A Tale of Two Safety Boats
On a lovely day in early September, the sun was out, people were enjoying the weather and a number of sailors were hoping there would be enough wind to avoid a drift-a-thon downriver and back.
12 people were busy rigging boats and doing their best to look interested as the Race Officer droned on about buoys, traffic, start times and so on and on…..
In the fine SBSC tradition of ignoring any scheduled time for launching and being ready the RO started proceedings with a warning signal with two boats still on the ramp.
With only a safety boat on the water, everybody stayed on the beach until after the preparatory signal, which had the RO reaching for the rulebook on forms of permitted propulsion after the preparatory signal had been sounded. In the spirit of a sunny day it was deemed that nobody had gained any material advantage from a good shove off from the beach. But the thought of a general recall amused the one person who considered it.
The line was clear and off they went. Or to put it another way, imperceptibly after the race started there was a general alignment of boats in a vaguely downstream direction. Fast it was not, but time and tide wait for nobody and the fleet headed off to London. All except Ray in a GP14 with wet feet asking for a tow ashore as a stern bailer was flooding the boat with surprising effectiveness.
The RO hopped on to the waiting safety boat to find the engine would not start. Excellent. It was a low battery and the engine fired with a couple of pulls on the cord. Ray was unceremoniously left on the shore at the bottom of the ramp to figure how to get a GP14 up the ramp on his own and we headed off after the fleet, who by now had disappeared under Putney Bridge.
We stopped to have a chat with the second safety boat with Massimo, Amy, Massimo’s son and a small dog on board looking forward to light duties on a light day. Unfortunately something had triggered the engine-lift ram and the switch to lower it again was not working.
So with one rescue boat rescuing the other rescue boat the sailors were left to fend for themselves for a while. Having towed the stricken boat to the shore outside Chas Newens we left the safety boat crew crestfallen at the thought of having to pass up a chance for a sneaky beer at the Dukes Head because they had all left their wallets back at the club.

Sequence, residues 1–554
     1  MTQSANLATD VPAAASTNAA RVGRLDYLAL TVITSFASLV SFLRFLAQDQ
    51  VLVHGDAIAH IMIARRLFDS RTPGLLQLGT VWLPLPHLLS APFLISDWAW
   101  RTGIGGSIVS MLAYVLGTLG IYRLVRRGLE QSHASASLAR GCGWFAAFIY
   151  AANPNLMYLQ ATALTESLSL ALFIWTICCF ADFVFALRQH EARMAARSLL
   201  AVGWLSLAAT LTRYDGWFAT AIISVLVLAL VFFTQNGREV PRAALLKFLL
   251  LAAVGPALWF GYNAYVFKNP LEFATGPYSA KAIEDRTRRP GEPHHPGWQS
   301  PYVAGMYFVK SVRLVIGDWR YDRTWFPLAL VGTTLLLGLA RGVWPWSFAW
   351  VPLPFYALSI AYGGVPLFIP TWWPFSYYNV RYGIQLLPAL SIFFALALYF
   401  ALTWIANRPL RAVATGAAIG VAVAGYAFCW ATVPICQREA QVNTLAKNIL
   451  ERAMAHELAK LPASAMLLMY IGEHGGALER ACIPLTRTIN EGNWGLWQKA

Down to one safety boat and a fleet of 7 boats out of sight around the corner George and the RO set of to establish some sort of order back to the proceedings.
The fleet was well spread out. Anton helming an Enterprise was bringing up the rear and somewhere round the next bend we finally caught up with the race leader Allan and Stephanie. Topped and tailed by Enterprises the fleet now included four lasers and John in the remaining Enterprise. Confusingly with an identical sail number to the lead boat. Now where was that rulebook again?
With the wind so light and the fleet so spread out it was important to set a finish line that was achievable for everybody and the line was set just downstream of Albert Bridge on the Battersea side. Allan and Stephanie had to crab across the ebb to get to the finish line and chose to beach close to the safety boat. Jamie followed and then 32 seconds short of an hour’s sailing John’s Enterprise and Andy on a Laser crossed at exactly the same. Drama at last! Oli and Anna also finished leg1 and we waited for the tide to allow the restart for leg 2.
The return leg was a lesson in knowing the river’s peculiarities and reading the wind on the water. There were patches of no wind and noticeable areas with a decent breeze. This soon spread the fleet after they passed under the first bridge. As the fleet passed Battersea Heliport Anna was unlucky to be swept by the downdraft of a helicopter coming into land and promptly capsized. With the boat righted to cheers and applause from a nearby houseboat Anna received the dubious benefit of instruction from the safety boat as to the finer points of upwind trim. With the threat of a protest for outside assistance the RO realised he needed to be at the finish of leg2 to take down times. So off we sped through the fleet to drop the RO off, swapping Amy into the safety boat to cover the fleet’s progress.
The finish order was the same as leg 1 meaning the final results were no surprise. A time spread of over 24 minutes on corrected time was down to the fickle and light winds. Allan and Stephanie beating Jamie and John/Bob into 2nd and 3rd places respectively. Andy and Ollie were the remaining finishers after Anna had relinquished the helm of her Laser to Amy, favouring a ride in the safety boat. Anton and crew had unfortunately not completed leg 1 and therefore could not start leg 2 and did not score a result, but apparently had a fine time on the water.
Allan fixed the broken relay in the switch electrics for the stricken safety boat almost without breaking stride and all boats were hauled up the steep ramp.
Another fine downriver day at South Bank Sailing Club.